I experienced midtown magic in my trip to New Orleans,
Where the people are so real and the trees are evergreen.
This is the essence of New Orleans that I so dearly love,
The one of my childhood, before the working class got shoved:
Moved into to the suburbs and the city's periphery,
With the promise of housing that would be rent free.
They moved to secure their piece of the American dream,
Never realizing this was a political and corporate scheme.
With the advent of a new city caused by a hurricane,
The essence of the working class, in midtown remains.
There are divas dressed to die for still meeting for lunch,
With shoe polish black hair and hair as pink as punch.
There are old time politicos whose children now rule,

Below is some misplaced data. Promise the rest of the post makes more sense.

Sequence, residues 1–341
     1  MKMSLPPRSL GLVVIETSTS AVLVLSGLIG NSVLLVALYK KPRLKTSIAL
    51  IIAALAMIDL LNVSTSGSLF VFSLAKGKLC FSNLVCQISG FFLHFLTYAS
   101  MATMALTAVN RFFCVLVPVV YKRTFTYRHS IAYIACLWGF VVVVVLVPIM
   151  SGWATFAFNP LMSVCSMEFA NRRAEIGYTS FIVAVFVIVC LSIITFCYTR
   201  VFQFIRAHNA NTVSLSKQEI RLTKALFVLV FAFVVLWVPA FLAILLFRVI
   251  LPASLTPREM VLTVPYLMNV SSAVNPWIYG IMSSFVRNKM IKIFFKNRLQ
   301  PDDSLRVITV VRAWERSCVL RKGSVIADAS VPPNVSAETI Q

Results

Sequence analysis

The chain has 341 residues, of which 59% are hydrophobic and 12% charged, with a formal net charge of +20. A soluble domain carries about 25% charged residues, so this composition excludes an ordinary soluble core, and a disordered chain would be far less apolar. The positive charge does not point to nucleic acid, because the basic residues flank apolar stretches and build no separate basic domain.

Hoping for anonymity as they set on their bar stools.
The smell of sweet olive trees may not permeate,
But the shade of the lives oaks is still something to celebrate.
The friend that I met for lunch certainly spoke to my soul
When she shared that in the Bible Belt she didn't feel quite whole.
She shared that her child had asked her about the people who were left out
Of the fundamentalist beliefs that Bible preachers love to shout.
She said that she and her husband, a moral Jewish man,
Were seen as not equal parts of the Christian salvation plan.
New Orleans has always been a center of spiritual openness
And the mistakes in relationships, the people are quick to confess.
I cannot think of a better way to live until I die
Than celebrating we're all human, as long as we continue to try.
We are very outspoken about where our boundaries really are,
So that those at our same parties won't rain on our cigars.
We understand that those around us may be on different paths,
And we have the choice to wait for them or to take a pass.
All I ask is that those who say they love me work with who I am
Instead of trying to convince me I was a mistake in their god's plan.